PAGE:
I might as well be honest. My house is messy. You don’t have to look far to find dirty dishes and dust and soapscum and worst of all, clutter.
But I’m okay with that.
Now you notice I didn’t say I like it because I don’t like it one bit, but it’s the reality I’ve been handed and I’m learning to deal with it. Coming to accept it has been a long and arduous journey, but I refuse to live my life tormented in mind over the fact my house isn’t perfect.
I read an article the other day called, “Confessions of a former perfectionist,” by Heather Lende, who admitted to once consuming herself with a spotless home and perfect dinners while involving herself in more civic activities than might seem humanly possible, especially for a mother of four small children who also worked as an obituary writer for her local newspaper. She managed an incredibly busy schedule, children, and a home and did so perfectly!
Or so it seemed. Lende explained that she did all those things to the detriment of her friends and family. It was only when she was hit by a truck, (literally, she says,) and was put on her back for weeks with a broken pelvis that things really began to come into perspective for her.
I understand, at least to a degree. I was never a complete perfectionist, but I certainly wished to be. Nor was I ever hit by a truck. Thankfully!
My own epiphany moment came in the form of a fourth child. I had things pretty well under control until his arrival, but then came Peanut, all 6 pounds of him, and that sweet, tiny, harmless-looking baby boy turned my world upside down! He practically refused to sleep and wanted to nurse on a constant basis and to make it all worse, two of my other three, who had been angelic babies themselves, turned into rotten toddlers always vying for what little attention their stressed, sleep-deprived mother had left to give them. There were other changes around the same time that worsened the effect, like a job change for my husband that meant dreadfully long hours for him at work and therefore dreadfully long hours for me alone with four children.
And my pretty little house was just destroyed in the chaos of it all. There were a lot of days I did well to wash a single load of clothes. That would be my only real accomplishment at the end of the day, aside from feeding children, filling sippy cups, and wiping bottoms. The carpet went unvacuumed. The sinks went unwiped. The clutter went untouched or simply worsened.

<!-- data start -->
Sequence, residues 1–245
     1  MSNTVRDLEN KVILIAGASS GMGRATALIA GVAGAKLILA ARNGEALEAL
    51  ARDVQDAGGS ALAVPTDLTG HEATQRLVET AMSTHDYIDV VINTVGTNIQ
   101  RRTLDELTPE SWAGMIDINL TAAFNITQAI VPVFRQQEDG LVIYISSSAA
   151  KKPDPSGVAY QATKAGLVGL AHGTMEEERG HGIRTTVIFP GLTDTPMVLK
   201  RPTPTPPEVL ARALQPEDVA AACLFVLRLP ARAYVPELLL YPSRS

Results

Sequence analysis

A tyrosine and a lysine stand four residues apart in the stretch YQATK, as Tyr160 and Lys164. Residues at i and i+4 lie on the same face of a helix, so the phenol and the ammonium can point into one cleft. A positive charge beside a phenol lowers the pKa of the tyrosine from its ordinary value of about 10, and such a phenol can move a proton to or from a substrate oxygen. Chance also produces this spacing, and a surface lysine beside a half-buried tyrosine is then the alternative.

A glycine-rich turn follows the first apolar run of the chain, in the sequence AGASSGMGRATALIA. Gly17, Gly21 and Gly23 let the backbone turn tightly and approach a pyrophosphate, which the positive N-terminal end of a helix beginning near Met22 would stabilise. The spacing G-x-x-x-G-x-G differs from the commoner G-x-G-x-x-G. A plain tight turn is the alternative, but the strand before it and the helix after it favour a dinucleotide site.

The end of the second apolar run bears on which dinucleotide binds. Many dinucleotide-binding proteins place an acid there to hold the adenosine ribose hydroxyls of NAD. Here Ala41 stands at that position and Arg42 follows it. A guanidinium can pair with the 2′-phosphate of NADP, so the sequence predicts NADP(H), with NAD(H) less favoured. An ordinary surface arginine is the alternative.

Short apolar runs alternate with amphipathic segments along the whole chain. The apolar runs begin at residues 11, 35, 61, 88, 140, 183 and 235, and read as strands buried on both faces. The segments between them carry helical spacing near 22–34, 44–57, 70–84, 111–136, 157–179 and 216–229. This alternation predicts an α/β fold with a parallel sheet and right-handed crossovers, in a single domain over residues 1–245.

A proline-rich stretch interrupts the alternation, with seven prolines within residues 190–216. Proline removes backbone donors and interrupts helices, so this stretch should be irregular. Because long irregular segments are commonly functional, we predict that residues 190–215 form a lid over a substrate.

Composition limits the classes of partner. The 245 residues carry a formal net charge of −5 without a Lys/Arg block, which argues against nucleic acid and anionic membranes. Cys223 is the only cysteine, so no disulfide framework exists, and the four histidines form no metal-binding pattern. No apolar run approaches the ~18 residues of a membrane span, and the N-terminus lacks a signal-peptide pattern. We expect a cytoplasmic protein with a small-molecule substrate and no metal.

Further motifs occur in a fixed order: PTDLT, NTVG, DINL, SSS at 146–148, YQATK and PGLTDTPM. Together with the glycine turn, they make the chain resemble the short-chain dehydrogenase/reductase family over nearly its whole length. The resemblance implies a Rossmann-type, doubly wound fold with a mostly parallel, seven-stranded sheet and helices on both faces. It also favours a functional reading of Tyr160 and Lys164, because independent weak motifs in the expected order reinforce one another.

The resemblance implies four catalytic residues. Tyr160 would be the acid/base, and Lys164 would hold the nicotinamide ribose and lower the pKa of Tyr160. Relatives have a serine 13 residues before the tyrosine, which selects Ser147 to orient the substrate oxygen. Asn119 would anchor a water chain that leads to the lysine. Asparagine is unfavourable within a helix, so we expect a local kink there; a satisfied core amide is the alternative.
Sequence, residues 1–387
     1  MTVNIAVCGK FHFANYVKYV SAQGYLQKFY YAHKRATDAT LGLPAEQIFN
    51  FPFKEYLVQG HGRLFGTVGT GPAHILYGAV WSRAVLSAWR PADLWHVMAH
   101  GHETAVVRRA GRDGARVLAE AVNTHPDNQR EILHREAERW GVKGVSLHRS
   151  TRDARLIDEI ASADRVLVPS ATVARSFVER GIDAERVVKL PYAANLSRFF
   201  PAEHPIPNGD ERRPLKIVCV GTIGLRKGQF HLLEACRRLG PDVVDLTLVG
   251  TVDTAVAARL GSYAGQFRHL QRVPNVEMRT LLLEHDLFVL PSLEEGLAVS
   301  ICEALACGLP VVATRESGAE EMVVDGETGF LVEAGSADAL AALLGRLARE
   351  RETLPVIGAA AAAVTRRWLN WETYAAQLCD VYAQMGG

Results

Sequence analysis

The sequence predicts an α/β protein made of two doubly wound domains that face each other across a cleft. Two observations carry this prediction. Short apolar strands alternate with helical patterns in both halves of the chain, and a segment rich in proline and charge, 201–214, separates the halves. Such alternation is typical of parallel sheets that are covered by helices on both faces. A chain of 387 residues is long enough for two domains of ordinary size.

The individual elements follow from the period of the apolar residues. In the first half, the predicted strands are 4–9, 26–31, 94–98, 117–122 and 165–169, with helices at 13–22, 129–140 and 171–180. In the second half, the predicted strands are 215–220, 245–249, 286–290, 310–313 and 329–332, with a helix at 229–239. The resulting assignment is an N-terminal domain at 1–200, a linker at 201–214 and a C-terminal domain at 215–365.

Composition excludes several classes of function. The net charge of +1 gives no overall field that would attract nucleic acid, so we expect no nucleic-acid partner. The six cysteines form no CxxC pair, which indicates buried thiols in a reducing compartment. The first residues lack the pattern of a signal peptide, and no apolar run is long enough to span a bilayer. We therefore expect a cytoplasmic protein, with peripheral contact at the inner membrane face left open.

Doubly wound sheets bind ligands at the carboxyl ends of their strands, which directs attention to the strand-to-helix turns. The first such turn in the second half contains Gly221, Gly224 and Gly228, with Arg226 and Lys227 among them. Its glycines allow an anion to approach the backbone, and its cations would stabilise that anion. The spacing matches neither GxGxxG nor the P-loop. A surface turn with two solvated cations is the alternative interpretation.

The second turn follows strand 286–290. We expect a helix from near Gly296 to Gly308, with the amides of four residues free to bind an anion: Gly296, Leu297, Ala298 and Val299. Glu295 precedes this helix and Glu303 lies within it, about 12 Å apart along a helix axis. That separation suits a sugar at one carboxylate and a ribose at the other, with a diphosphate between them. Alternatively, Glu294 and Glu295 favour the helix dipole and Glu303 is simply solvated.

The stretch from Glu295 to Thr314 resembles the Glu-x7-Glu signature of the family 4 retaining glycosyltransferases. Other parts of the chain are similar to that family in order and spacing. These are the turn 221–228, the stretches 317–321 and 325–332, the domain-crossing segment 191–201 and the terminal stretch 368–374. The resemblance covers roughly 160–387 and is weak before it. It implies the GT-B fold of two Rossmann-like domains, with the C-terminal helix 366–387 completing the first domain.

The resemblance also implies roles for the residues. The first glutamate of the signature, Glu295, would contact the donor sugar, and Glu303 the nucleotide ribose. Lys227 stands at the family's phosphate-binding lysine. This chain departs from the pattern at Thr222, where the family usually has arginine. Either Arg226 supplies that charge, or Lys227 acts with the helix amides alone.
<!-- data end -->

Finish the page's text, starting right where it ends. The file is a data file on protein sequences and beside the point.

I cried a lot, but you know what? Nobody died. Nobody was crushed under the clutter. Nobody contracted a serious disease from a dirty toilet. We all came through it just fine.
Almost three years later, things are definitely better. Most days now I can accomplish more than a single load of laundry, but the fact remains that I have four children who demand a lot of attention and only 1100 square feet to contain all the necessary and not-so-necessary stuff for a family of six. There’s only so much I can do to keep it all in order.
In Lende’s article she says she once wrote an obituary for a woman for whom the nicest thing family and friends could think to say was, “She kept her stove clean.” Nightmarish, is it not? Surely to goodness at the end of my life people will have more to say than, “She had the cleanest floors I’ve ever seen.” Or, “You’d never see fingerprints on her doorframes!”
Heaven save me from a legacy as pitiful as that!
I would love to have a clean house. I would delight in having everything in order. I don’t like seeing a soapscumed bathtub and I don’t like tripping over dirty laundry and I despise clutter piled on a countertop. But at the same time, my house is not a museum, it’s the place where the Holt family lives and there is so, so much more to this life than a spotless house.
And I don’t say any of this to justify filthy homes that are the result of sheer laziness. A constant pigsty does nothing to glorify the Lord. But it’s also important to keep in mind that the old adage, “Cleanliness is next to godliness,” is not in the Bible no matter how many people seem to think it is and sometimes we can so obsess ourselves with those needful, but very temporal things, that we’ll neglect what matters most. Like our spouses. Our children. Our friends. Even our God.
No, I would rather attend church with my husband and children than have a clean stove and sparkling kitchen floor. I would rather sleep and therefore be a more pleasant person than stay up all hours of the night folding endless piles of laundry. I would rather learn to deal with a little untidiness than spend my days barking at my children lest they cause my “museum” to get out of order. I would rather my husband not live in fear of my wrath if he forgets to remove his muddy boots when he enters. I would rather have hobbies beyond removing every speck of dust from the ceiling fans and goals for God that surpass maintaining smudge-free mirrors.
And someday maybe having a clean home will be a little easier. The kids will be older. Their toys won’t have so many pieces. Maybe they’ll be a little less clumsy and a little more mindful of muddy shoes. (Maybe.)
But either way, I’m learning that it’s okay if my house isn’t perfect. And though I must confess I still break into a cold sweat at the prospect of an impromptu guest, I’m trying to relax about it.
After all, my house may be messy, but I feel my priorities are finally in perfect order.